There is no avoiding war; it can only be postponed to the advantage of others.

-Niccolò Machiavelli-

10 NOVEMBER 2212



The crowds had taken to the streets surrounding the sprawling complexes that housed the Ministry of Peace and the Ministry of Truth once more as the lunch hour drew to a close in the capital of the Martian Federation. Lois Lafraniere, Zenith Orbital Network (ZONET) star investigative reporter, took this as her cue to rise to her feet. Her broadcast was due to begin in a few minutes.

Despite the general buzz of the human swarms in transit, she had to admit that there was a certain perverse sense of order to the mass migration of workers if one devoted enough time to study the movement of humans from the State-run cafeterias to their various workplaces.

Ensuring the orderly passage of traffic, both human and vehicular (most of it government-own or public transport, since private ownership of vehicles was almost unheard of in the Federation), were the immaculately dressed Polizei officers in their butterscotch uniforms who manned every street corner and road crossing, ensuring that everyone waited their turn.

Lois wanted to laugh humorlessly. The scene before her looked so much a totalitarian tyrant's dream come true, except for the fact that it was no dream and that the Federation was a totalitarian state. She glanced over at the sight of the two Ministry compounds resting side by side on Freiheitstrasse in central Kurtzenheim.

This whole nation is a contradiction of terms, she found herself thinking for the umpteenth time that hour as she studied the equally unyielding headquarters of the Ministry of Peace and the Ministry of Truth. The former oversaw the operations of the Federation's Militär, which comprised of the MartianBundesArmee, the MartianBundesLuftwaffe and the MartianBundesPlatzMarine while the latter handled the state media and public information dissemination networks. Of course, in a twisted sort of way, it only made sense for the organization tasked with propaganda and indoctrination to be based beside the nation's military.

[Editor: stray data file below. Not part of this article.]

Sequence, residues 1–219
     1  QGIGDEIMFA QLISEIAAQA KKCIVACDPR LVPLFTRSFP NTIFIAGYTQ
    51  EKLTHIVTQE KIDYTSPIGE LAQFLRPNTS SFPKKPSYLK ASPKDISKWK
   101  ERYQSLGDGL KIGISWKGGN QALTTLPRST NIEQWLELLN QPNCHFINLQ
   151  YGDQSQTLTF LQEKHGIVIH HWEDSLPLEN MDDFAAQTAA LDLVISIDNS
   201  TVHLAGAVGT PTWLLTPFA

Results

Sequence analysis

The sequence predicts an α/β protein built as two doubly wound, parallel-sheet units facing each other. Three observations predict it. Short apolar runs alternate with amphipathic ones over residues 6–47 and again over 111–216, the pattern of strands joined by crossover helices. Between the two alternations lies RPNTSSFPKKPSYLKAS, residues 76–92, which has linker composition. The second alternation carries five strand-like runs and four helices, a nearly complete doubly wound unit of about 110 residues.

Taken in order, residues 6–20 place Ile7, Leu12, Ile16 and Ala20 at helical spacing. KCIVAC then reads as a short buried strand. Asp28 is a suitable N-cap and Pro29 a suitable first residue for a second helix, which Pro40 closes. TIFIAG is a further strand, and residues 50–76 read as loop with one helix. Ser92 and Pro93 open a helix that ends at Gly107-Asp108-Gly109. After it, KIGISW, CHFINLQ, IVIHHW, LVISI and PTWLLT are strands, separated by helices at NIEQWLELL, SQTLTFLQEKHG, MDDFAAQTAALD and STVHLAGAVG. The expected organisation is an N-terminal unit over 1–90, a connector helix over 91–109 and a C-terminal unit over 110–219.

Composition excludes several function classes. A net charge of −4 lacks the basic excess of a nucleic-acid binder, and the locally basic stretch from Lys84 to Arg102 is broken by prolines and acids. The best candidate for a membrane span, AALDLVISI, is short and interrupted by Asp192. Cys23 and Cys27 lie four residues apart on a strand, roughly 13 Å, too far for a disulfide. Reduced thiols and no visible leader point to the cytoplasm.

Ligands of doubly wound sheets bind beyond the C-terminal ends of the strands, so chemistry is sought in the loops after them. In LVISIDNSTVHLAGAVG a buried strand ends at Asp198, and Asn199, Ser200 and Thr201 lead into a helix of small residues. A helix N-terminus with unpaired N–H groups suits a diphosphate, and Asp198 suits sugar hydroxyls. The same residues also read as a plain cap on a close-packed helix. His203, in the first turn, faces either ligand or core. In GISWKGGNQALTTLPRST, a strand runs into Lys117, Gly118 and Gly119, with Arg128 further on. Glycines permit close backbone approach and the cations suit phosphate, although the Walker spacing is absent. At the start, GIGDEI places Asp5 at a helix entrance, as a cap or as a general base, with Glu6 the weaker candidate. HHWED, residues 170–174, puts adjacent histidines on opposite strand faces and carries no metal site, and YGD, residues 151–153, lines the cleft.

To her and many outsiders, the only way to tell the two fortress-like buildings apart was the guards at the entrance. Where the home of the Federation's propaganda machine was guarded by unsmiling police officers in their trademark yellow-brown uniforms, its neighbor was protected by men and women of the Federal Army, Air Force and Navy, recognizable in the crimson jackets and jet black trousers of their Dress Uniforms. And while the police had a stun baton and a service pistol attached to their belts, the military guards clutched fully-automatic assault rifles across their chests.

And all of this could be found on Freiheitstrasse or 'Freedom Street'. She was surprised that neither the Ministry Justice nor the Ministry of Liberty had their premises along anywhere along the road that ran through much of the capital's heart. That would probably have been the ultimate contradiction of terms.